“a total stranger one black day…” by E.E. Cummings – Analysis and Poem

Synopsis

“a total stranger one black day” is about a man who does something to anger a “stranger”. The stranger then fights him. The stranger found it hard to forgive the speaker. It is then revealed that the stranger is himself and now they are immortal friends.

Analysis

This poem is about doing something you regret and hating yourself for it but then forgiving (even though it’s difficult) and living with yourself for what you have done. This poem is written in three non-rhyming couplets with eight meters each.

Keywords

  • Stranger – someone he doesn’t recognize (himself who did something wrong)
  • Black day – The color black symbolizes something evil or dark. In this case, the author is speaking about a day in which something bad happened. We can only assume what it is since the author doesn’t speak of it.
  • Fiend – Someone evil (himself having done something evil, possibly to himself or someone he loved)
  • “the other’s each” – The other side of himself, possibly like yin and yang. We need to have and accept both to live in peace with ourselves.

Poem: “a total stranger one black day…” by E.E. Cummings

a total stranger one black day
knocked living the hell out of me–

who found forgiveness hard because
my(as it happened)self he was

-but now that fiend and i are such
immortal friends the other’s each.

Reader’s Reaction

When reading this poem, I was immediately hit with realization that I am the same as the author. We both do stupid things that hurt ourselves and we both beat ourselves up about it. However, in the end, we still go on and live our lives, treating ourselves like our best friend. I guess, this is what makes this poem so great. It is something that each of us can relate to as it is a human reaction. This doesn’t seem to be something that other animals do. If a dog hurts himself, does he hate himself? I guess we can’t really know the answer to this, but it doesn’t seem like it is the case. Humans are crazy, interesting, and sometimes horrible beings–even to ourselves. The only thing we can do is move on and continue our lives and not dread on our past mistakes.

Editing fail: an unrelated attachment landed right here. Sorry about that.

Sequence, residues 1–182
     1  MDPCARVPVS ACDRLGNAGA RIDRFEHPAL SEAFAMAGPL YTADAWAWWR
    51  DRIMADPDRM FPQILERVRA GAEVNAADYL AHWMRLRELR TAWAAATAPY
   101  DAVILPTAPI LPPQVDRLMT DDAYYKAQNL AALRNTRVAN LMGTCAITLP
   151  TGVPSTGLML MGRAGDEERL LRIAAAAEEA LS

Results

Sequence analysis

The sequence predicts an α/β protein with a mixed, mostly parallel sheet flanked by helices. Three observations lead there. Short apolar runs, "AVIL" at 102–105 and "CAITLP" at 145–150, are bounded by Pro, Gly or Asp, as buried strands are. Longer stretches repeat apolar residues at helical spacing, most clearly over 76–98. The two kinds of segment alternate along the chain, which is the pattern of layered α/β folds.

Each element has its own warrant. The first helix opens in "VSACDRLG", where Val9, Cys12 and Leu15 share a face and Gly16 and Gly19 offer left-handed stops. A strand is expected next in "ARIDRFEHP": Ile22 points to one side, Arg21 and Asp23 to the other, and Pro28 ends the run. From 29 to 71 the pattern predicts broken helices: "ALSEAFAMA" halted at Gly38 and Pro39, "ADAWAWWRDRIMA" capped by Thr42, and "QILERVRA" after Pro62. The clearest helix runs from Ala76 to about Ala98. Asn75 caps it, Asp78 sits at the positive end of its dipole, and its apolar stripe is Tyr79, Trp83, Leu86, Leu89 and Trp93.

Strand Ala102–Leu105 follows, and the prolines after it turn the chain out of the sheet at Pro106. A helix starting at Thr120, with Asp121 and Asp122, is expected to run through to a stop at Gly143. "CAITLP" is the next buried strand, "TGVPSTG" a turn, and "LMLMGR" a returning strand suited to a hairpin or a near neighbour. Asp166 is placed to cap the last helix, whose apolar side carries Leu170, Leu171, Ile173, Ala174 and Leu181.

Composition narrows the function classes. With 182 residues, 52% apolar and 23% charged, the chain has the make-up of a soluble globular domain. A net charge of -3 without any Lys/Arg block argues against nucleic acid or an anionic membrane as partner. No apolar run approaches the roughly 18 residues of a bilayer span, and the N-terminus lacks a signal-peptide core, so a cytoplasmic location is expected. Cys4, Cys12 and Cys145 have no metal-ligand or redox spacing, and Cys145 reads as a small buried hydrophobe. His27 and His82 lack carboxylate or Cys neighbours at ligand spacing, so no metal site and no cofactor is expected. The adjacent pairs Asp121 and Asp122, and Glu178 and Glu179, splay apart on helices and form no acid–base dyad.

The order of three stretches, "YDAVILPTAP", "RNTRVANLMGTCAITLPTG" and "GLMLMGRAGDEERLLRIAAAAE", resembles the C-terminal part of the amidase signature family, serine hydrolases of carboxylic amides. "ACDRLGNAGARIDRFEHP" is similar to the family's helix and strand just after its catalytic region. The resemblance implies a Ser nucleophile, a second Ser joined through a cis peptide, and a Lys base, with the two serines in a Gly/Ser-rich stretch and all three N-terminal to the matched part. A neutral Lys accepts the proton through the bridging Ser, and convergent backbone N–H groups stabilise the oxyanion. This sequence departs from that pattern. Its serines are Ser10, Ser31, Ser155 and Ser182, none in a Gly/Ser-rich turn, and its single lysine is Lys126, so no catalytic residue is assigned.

Gary R. Hess

Gary was born and raised on a small farm in rural Kansas. Today, he is teaching various nationalities English in Southeast Asia.

One Comment

  1. I haven’t read much of E.E Cummings, but this was interesting. It does sound like he’s talking about doing something that is harming himself.

    “immortal friends the other’s each.”

    Sounds like they are friend’s to each other, but not to themselves? Which it sounds like he’s talking about himself. It’s nicely described.

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